The Romanian Orthodox Church: Relations with the State and with other Orthodox Churches
In communist times the Romanian Orthodox Church (ROC) was recognised by the state but firmly under state control. All prominent church figures had to gain state approval and were expected to collaborate with the secular authorities. Very few ROC leaders have confessed to collaboration, however, so this is still a live issue. One of the first to do so was Patriarch Teoctist himself, who then stepped down in 1990; but after three months, at the insistence of other members of the Synod, he came back and remained as patriarch until 2007.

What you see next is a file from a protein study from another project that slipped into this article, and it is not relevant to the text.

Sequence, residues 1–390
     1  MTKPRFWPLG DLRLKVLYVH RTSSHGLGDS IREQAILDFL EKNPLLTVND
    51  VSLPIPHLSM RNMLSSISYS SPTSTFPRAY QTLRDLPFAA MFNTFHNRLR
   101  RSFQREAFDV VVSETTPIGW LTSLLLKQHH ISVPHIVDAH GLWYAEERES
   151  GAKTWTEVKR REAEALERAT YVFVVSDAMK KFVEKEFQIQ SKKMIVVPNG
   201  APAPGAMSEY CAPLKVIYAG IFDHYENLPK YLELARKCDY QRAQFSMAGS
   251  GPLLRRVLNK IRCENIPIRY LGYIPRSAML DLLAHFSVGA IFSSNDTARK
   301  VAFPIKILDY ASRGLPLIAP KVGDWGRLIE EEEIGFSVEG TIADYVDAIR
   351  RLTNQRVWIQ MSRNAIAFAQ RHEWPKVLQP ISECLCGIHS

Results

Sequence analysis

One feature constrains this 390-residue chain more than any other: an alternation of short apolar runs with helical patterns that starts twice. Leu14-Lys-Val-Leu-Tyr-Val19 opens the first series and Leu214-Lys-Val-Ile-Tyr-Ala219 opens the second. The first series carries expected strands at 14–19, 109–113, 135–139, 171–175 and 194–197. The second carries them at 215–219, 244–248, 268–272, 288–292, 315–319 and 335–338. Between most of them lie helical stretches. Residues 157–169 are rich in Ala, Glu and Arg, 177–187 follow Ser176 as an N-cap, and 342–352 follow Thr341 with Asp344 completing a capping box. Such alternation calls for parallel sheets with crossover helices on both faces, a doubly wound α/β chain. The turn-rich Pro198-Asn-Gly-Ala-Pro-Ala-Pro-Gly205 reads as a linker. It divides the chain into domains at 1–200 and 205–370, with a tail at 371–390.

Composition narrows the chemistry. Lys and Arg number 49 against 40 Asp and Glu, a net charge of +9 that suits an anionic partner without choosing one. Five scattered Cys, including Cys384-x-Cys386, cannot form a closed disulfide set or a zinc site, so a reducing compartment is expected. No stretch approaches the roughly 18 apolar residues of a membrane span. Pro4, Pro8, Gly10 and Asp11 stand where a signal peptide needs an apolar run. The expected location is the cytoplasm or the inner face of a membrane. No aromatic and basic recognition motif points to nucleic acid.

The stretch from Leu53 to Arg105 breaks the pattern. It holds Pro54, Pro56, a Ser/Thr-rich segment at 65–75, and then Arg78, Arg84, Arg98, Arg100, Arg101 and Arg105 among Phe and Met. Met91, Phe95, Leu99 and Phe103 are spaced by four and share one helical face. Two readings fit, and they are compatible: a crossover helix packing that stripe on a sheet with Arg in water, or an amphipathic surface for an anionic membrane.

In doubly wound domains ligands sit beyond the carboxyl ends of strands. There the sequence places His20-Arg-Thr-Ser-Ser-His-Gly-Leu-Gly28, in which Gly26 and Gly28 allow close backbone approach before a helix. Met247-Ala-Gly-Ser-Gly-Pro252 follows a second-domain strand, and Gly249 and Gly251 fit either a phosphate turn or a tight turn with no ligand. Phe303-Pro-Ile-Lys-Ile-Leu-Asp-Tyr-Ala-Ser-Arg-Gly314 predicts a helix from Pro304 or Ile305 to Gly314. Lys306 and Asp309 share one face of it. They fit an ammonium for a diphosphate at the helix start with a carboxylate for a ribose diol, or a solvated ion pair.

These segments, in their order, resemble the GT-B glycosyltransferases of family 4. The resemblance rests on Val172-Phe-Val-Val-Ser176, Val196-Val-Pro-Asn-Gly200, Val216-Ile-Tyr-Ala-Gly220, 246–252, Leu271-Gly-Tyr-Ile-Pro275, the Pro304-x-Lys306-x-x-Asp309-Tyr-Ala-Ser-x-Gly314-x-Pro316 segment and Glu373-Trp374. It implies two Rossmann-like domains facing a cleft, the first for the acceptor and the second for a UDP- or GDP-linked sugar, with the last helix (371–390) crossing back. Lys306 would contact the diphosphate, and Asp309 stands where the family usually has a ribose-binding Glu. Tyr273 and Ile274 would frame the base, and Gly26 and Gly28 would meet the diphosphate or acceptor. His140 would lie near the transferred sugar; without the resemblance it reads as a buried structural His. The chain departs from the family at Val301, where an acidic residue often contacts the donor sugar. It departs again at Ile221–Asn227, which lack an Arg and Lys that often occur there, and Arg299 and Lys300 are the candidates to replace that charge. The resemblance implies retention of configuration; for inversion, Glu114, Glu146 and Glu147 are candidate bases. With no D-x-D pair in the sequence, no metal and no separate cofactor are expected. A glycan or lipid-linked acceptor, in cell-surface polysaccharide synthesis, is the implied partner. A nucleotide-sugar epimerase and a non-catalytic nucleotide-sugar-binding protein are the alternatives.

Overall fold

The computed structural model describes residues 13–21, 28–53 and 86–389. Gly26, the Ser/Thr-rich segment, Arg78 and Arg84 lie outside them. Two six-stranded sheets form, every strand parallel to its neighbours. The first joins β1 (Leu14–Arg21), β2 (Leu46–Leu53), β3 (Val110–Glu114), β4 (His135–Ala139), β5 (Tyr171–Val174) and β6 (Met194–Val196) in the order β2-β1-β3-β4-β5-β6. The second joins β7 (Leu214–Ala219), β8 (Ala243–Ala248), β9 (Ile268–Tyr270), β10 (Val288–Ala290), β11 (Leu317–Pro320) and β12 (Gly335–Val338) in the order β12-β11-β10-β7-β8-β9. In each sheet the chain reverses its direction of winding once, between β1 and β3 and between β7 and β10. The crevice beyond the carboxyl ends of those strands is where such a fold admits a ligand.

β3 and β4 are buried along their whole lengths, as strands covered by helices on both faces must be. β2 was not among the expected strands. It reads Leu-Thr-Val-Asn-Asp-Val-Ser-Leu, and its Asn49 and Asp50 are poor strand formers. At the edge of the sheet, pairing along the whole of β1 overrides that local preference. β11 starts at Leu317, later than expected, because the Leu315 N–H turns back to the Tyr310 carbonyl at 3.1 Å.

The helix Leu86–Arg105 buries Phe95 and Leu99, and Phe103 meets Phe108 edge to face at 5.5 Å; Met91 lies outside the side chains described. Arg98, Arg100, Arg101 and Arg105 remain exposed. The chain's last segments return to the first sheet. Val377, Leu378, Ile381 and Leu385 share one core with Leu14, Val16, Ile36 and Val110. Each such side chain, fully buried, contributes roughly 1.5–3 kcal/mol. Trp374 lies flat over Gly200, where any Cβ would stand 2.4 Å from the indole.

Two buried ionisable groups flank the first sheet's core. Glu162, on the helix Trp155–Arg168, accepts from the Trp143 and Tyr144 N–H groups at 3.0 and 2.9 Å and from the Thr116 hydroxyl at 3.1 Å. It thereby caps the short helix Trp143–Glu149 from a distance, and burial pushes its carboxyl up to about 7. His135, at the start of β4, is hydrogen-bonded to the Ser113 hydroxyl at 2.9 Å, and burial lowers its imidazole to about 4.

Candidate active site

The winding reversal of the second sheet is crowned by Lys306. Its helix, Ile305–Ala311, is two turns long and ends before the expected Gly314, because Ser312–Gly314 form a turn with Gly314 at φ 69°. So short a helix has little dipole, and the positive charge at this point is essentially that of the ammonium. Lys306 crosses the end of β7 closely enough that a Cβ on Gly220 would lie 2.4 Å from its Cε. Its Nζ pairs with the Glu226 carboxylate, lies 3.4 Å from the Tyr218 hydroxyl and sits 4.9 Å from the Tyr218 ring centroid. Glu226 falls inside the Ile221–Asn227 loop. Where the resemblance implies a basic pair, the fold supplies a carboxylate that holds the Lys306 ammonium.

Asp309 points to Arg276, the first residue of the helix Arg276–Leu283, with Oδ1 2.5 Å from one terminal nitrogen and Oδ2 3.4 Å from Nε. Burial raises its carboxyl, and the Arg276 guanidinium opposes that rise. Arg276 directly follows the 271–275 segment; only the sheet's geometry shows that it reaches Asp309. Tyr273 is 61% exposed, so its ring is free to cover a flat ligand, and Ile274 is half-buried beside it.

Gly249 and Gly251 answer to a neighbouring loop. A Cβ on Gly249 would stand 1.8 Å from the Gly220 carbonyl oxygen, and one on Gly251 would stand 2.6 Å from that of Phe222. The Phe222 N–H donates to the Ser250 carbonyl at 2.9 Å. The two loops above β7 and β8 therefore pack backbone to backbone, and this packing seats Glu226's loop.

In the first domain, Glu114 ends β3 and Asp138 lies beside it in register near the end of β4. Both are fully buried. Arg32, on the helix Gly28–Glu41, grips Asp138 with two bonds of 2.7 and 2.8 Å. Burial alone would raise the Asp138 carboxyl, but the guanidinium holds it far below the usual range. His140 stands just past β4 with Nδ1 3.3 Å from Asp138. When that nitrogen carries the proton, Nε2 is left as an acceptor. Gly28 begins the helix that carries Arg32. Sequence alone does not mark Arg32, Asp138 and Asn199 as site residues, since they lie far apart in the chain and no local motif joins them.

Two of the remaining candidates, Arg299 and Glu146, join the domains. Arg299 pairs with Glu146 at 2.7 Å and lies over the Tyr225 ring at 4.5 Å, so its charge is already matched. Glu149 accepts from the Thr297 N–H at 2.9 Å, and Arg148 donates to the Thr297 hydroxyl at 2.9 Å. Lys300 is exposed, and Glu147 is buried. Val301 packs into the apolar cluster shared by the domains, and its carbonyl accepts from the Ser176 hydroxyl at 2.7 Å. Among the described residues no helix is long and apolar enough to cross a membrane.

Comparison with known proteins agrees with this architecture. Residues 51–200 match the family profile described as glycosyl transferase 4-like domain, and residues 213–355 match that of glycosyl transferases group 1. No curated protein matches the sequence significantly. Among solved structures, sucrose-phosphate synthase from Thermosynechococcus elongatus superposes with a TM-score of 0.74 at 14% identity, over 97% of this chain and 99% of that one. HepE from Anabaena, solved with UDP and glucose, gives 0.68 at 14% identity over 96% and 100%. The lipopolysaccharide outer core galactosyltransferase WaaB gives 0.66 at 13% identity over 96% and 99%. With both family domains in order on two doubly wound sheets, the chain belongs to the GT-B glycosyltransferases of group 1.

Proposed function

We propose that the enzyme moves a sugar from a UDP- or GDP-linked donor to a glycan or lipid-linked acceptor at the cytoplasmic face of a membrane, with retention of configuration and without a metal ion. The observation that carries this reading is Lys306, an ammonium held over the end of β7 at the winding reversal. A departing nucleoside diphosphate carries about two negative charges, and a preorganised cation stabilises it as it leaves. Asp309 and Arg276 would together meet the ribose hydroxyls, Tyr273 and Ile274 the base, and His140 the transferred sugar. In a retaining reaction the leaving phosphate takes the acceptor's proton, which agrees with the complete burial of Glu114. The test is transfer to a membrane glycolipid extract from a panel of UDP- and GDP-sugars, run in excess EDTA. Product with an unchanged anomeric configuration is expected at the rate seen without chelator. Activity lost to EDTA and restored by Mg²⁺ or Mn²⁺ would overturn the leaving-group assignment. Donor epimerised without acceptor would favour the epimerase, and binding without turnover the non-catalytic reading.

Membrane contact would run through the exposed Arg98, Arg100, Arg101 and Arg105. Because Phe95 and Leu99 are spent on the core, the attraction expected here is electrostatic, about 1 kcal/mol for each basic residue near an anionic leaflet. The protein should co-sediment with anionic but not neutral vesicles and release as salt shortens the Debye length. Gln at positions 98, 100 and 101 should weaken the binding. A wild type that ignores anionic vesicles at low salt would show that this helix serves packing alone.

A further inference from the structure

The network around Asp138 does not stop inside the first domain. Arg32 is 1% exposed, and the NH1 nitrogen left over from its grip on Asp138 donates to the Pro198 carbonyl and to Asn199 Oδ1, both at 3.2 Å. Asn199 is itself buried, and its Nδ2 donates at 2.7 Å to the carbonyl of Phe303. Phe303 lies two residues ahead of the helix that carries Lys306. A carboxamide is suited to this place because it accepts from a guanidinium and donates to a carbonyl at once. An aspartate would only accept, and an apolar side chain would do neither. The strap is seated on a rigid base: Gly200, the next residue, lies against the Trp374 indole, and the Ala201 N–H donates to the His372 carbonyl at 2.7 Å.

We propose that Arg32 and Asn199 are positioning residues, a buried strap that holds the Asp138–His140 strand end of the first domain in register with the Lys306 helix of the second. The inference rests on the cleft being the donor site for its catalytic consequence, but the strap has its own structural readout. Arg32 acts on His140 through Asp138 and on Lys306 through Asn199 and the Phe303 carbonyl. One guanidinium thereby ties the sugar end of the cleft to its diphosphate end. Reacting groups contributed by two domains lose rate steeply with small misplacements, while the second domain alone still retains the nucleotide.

Teoctist was a monastic; his successor Patriarch Daniel is a man of the world who is interested in marketing the church in contemporary society. Teoctist was pro-Russia and under his leadership the ROC tended to issue statements critical of the West; Daniel by contrast is pro-western and pro-EU. As far as church-state relations are concerned, Teoctist favoured the English model of an established church, and he and some clergy argued that bishops should be members of an upper house of parliament. Daniel is more in favour of the German model: partnership between church and state but not dependence. Previously the ROC encouraged priests to stand in elections; nowadays it discourages this on the grounds that priests, as Romanian citizens, have the right to engage politically, but not in a partisan manner by running on a particular party list. Several church leaders we have spoken to, including Daniel before he became patriarch, are not in favour of the symphonia state-church model, but prefer the idea of partnership, whereby for example the state would devolve social care to the church, giving it money to carry this out.Continue reading “The Romanian Orthodox Church: Relations with the State and with Other Orthodox Churches”